The E3 visa classification exists only for nationals of Australia that have a legitimate offer of a job in the US in a specialty occupation. Under the E3 visa, the US defines a specialty occupation as requiring theoretical and practical application of a body of knowledge in professional fields and at least the attainment of a bachelor’s degree, or its equivalent, as a minimum for entry into the occupation in the United States.
E3 Visa Eligibility
To qualify for E3 visa classification, the general requirements for a specialty occupation professional from Australia are:
- You are a national of Australia;
- With a legitimate offer of employment in the United States;
- You possess the necessary academic or other qualifying credentials; and
- Will fill a position that qualifies as a specialty occupation.
The E3 Visa Petition Process
An E3 visa applicant must fill out Form I-129 along with certain supporting documentation. Detailed supporting documentation is vital to show the entirety of your situation.
Your Form I-129 must include the following documents:
- A Labor Condition Application (LCA)
- Academic or other credentials demonstrating qualifications for the position
- Job offer letter or other documentation from the employer establishing that you will be engaged in a specialty occupation. Plus, the job must pay the higher of the actual or prevailing wage
- If required, (before you may commence employment in the specialty occupation) you must have the necessary license or other official permission to practice in the specialty occupation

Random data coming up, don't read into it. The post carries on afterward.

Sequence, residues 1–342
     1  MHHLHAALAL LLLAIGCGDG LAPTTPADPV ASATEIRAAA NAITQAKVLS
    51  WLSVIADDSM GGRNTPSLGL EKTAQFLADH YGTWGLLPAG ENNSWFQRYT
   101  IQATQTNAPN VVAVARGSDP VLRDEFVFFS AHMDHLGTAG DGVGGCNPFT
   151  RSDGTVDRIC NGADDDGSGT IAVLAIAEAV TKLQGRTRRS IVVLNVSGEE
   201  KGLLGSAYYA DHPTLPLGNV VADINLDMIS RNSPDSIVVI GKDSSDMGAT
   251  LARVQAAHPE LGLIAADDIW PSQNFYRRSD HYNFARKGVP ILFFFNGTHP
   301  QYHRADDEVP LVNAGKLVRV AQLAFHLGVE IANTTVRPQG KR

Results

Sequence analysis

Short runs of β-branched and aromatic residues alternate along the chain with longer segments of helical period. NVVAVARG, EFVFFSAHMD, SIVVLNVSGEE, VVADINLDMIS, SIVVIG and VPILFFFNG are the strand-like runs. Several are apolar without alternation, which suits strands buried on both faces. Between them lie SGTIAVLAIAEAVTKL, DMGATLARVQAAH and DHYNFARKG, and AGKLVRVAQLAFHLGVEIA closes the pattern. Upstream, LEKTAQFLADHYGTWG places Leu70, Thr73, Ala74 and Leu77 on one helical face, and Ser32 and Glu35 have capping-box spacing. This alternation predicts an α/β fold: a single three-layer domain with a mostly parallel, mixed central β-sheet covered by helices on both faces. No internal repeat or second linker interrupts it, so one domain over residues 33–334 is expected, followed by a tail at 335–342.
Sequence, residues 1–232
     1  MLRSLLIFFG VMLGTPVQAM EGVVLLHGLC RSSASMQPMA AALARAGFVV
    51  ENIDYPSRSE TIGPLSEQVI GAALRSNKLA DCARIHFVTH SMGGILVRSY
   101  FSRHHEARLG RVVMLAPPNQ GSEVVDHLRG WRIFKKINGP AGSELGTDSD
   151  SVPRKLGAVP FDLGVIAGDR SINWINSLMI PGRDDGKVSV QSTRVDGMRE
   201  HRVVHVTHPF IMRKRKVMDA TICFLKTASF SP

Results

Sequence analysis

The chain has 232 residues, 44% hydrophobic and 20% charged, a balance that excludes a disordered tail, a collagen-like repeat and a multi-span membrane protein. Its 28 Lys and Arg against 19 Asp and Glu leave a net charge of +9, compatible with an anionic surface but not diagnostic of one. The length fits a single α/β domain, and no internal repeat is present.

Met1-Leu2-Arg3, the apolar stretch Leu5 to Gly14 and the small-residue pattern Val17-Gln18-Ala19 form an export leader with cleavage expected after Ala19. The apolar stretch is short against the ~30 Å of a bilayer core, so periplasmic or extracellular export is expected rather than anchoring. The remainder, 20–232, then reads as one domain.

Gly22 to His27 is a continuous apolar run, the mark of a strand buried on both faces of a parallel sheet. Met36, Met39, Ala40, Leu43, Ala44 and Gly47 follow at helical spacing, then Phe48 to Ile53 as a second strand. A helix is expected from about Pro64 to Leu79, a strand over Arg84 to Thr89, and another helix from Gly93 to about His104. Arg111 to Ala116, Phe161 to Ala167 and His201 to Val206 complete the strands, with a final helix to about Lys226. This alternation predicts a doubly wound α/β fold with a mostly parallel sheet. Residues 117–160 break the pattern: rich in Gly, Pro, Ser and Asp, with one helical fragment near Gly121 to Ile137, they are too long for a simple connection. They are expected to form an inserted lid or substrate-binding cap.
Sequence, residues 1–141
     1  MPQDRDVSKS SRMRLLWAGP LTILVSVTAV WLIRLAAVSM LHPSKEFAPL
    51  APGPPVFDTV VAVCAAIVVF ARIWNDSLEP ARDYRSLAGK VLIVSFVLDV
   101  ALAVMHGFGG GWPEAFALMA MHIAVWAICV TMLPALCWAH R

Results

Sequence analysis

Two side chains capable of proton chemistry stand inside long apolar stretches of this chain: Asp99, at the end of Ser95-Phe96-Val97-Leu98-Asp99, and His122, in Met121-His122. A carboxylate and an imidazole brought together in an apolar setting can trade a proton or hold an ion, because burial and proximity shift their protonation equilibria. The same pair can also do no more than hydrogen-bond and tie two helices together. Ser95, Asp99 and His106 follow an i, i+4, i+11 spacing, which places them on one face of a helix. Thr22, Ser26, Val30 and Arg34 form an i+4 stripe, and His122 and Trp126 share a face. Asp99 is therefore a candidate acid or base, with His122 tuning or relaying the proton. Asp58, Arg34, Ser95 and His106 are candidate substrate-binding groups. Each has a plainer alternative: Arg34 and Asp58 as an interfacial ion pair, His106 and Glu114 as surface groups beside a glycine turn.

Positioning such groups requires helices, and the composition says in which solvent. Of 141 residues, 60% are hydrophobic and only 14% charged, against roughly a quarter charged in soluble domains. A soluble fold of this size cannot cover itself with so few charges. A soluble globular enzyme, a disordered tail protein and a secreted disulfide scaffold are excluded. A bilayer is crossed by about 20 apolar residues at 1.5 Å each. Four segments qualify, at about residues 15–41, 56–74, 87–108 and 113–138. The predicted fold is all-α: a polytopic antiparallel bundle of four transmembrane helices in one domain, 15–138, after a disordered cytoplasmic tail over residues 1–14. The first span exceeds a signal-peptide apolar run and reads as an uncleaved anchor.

What Do the Visa Programs Share?
There are similarities between both the E2 and E3 visas. These similarities are some of the most attractive elements of either visa, too.
What About Family Members?
Under both visa classifications, the visa applicant’s family has the opportunity to come to the US, too. So, both one’s spouse and unmarried children under 21 can join. In both cases, the spouse does not have to come from the same country as the principal visa applicant.
Initial Length of Stay and Renewal
Earning one’s visa is only the first step. Luckily, these visas are better with this than others. With this, both the E2 visa and E3 visa classifications the length of stay is generally the same. The USCIS usually gives first time applicant’s two years. The best part about either visa is the unlimited number of extensions. As long as the visa holder continues to meet the requirements of their particular visa, they can be granted an unlimited number of extensions. The only downside is that the visa holder goes through the process often. Each extension lasts up to a period of two years.
Are you a potential visa applicant? If so, your next steps differ based on which visa you choose. And while, the two visa classifications listed here have separate rules and requirements, there are still similarities in their application process. However, since both involve your country of residence, job, and money, it is best to discuss all of this with a seasoned immigration attorney.
LawTrades knows Immigration
Let us assist in your visa application process. One of our attorney’s can ensure that you, and your family, have your required visas. That way you are all set (and legally able) to accept your new role within the United States.